By J. Parnell McCarter


Currently the Reformation Party (http://www.puritans.net/Reformation_Party/ ) is in its incipient persuasion phase.  There is the need to persuade people, especially those who profess to believe in the original Westminster Standards, with its Establishment Principle doctrine, that a Reformation Party-like model is the logical implication of their professed belief.  Not surprisingly, the idea meets with significant resistance.  In strictly human terms, it seems improbable that the Reformation Party could ever succeed, current human numbers being so overwhelmingly against it.  In addition, it has been a long time in history since a political organization only allowed people of one denomination to be voting members, even though this is clearly an implication of the Establishment Principle. Furthermore, part of this persuading entails showing those who profess to believe in the doctrines of the original Westminster Standards why the Free Presbyterian Church of Scotland is the right church to join, since it is the denomination whose communicant members would be voting members of the political party.  The Bible provides precedence for the task of persuasion, in such passages as Acts 19:8: “And he went into the synagogue, and spake boldly for the space of three months, disputing and persuading the things concerning the kingdom of God.”  Of course, more important than persuasion is prayer, for the Reformation Party will only succeed if God blesses the effort.


Below are some examples of recent discussions on the topic on the ComeOutFromAmongstThem yahoo list:


--- In ComeOutFromAmongstThem@yahoogroups.com, "Glenn Ferrell"
<jglennferrell@...> wrote:
> Parnell:
> While I agree with your views regarding the Establishment
Principle as expressed in the WCF, your Reformation Party is
unrealistic because:
> 1) Rather than simply advocating an established church in each
jurisdiction adhering to the original Westminster Standards, you
specify party members must be members of the FPCoS. You are not yet
a member of the FPCoS and know the difficulty of becoming such.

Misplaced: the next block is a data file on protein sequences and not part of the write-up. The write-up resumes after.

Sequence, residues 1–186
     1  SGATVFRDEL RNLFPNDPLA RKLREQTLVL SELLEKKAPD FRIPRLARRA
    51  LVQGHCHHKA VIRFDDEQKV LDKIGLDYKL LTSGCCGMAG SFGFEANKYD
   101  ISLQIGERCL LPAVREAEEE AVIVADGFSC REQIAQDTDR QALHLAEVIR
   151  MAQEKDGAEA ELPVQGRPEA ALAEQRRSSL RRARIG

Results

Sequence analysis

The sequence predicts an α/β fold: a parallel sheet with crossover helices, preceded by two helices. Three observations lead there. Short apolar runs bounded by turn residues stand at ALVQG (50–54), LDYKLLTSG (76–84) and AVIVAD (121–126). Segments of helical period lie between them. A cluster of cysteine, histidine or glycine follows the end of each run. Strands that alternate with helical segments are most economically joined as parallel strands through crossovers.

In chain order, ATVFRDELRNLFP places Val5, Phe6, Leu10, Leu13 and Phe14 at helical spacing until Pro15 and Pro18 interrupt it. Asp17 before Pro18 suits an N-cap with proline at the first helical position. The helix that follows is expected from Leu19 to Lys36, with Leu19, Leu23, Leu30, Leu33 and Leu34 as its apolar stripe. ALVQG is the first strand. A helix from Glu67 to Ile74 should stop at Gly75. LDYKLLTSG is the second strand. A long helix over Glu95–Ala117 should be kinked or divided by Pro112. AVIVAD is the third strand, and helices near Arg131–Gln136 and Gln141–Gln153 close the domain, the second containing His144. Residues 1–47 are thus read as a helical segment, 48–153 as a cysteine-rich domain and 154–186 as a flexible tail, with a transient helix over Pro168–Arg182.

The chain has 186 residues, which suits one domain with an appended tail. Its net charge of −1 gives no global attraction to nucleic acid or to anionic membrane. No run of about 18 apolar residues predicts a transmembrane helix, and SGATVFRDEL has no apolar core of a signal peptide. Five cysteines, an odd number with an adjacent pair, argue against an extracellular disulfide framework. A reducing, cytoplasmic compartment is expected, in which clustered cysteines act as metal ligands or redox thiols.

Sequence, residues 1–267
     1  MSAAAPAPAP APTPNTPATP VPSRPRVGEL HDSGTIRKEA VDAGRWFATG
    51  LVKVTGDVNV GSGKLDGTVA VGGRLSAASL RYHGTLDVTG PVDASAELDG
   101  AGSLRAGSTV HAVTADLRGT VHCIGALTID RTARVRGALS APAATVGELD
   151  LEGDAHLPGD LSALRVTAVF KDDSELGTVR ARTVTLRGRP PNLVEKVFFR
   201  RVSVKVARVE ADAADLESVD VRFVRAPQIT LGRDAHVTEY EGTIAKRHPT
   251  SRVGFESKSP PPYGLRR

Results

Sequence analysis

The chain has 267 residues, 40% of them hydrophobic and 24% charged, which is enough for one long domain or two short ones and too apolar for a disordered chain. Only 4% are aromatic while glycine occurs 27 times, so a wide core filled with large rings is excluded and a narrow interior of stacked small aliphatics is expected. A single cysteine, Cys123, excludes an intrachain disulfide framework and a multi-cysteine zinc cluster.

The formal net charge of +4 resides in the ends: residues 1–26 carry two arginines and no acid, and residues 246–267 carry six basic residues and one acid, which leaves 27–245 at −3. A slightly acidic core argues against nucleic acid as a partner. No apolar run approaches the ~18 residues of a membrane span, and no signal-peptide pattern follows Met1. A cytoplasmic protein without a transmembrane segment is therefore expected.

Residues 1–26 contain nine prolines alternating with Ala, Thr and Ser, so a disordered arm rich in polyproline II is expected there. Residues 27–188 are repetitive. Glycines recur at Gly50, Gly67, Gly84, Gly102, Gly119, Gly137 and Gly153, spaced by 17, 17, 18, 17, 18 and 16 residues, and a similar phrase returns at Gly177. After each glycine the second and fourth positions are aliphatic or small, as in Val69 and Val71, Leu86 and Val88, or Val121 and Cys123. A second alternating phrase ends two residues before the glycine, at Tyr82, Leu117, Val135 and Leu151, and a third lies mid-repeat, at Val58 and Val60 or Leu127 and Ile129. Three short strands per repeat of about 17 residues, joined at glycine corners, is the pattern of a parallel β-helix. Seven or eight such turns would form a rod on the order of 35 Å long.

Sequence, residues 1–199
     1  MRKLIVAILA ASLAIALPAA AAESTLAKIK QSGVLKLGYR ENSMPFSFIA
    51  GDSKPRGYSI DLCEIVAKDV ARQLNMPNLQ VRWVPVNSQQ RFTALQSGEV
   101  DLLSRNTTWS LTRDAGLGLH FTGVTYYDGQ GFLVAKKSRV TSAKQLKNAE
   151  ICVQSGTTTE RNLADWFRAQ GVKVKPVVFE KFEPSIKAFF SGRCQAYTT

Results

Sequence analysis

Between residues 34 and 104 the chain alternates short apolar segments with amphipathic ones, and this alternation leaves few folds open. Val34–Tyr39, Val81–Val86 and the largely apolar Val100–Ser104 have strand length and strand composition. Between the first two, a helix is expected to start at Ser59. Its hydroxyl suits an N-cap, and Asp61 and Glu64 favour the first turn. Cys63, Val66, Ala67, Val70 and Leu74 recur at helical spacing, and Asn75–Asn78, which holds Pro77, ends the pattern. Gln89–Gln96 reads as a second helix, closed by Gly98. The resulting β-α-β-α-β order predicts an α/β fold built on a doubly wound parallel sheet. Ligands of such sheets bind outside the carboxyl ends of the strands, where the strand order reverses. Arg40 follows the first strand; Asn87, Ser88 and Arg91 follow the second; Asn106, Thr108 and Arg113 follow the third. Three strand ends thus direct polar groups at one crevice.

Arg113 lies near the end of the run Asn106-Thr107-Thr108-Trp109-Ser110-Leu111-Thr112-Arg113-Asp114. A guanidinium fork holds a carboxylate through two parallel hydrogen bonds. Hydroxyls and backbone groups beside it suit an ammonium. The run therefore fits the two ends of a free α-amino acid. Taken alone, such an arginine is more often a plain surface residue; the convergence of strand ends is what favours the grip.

> 2) Political parties in this country are not national but state
parties. They may join together in an alliance as a national
party. However, to actually be able to run candidates for political
office, there are requirements to be met in each state. There is
not even a national election for President and Vice President in the
US, but 51 individual elections for electors who then chose the
persons to fill these offices.
> While I find the various options presently available in the US
untenable because they are coalitions of believers and heretics not
recognizing the biblical qualifications for office nor the necessity
of the Establishment Principle, the Reformation Party you propose is
not likely to be an option for many of us for several generations.
> What are my options for today as a Reformed Christian resident of
Idaho, which is one-third Mormon and one-third papist, with many of
the remaining Arminians and Charismatics? And, I don't have to vote
for a winner; but I'd at least appreciate a political party and
candidates standing for the truth, waving the banner of the crown
rights of Jesus, educating the electorate in the process, allowing
me to cast an un-compromised vote for someone representing King
Jesus. Your 'international' Reformation Party is not likely to
offer that option in Idaho in my lifetime.

You who look to numbers, have you not read about what God did
against the numbers in the case of Noah, Abraham, our Lord Jesus
Christ, etc.? Do we not read in Revelation 16-19 about a time when
all the nations of the earth have become wicked, but God brings
judgment upon them, and ends up raising up a millennial kingdom? Is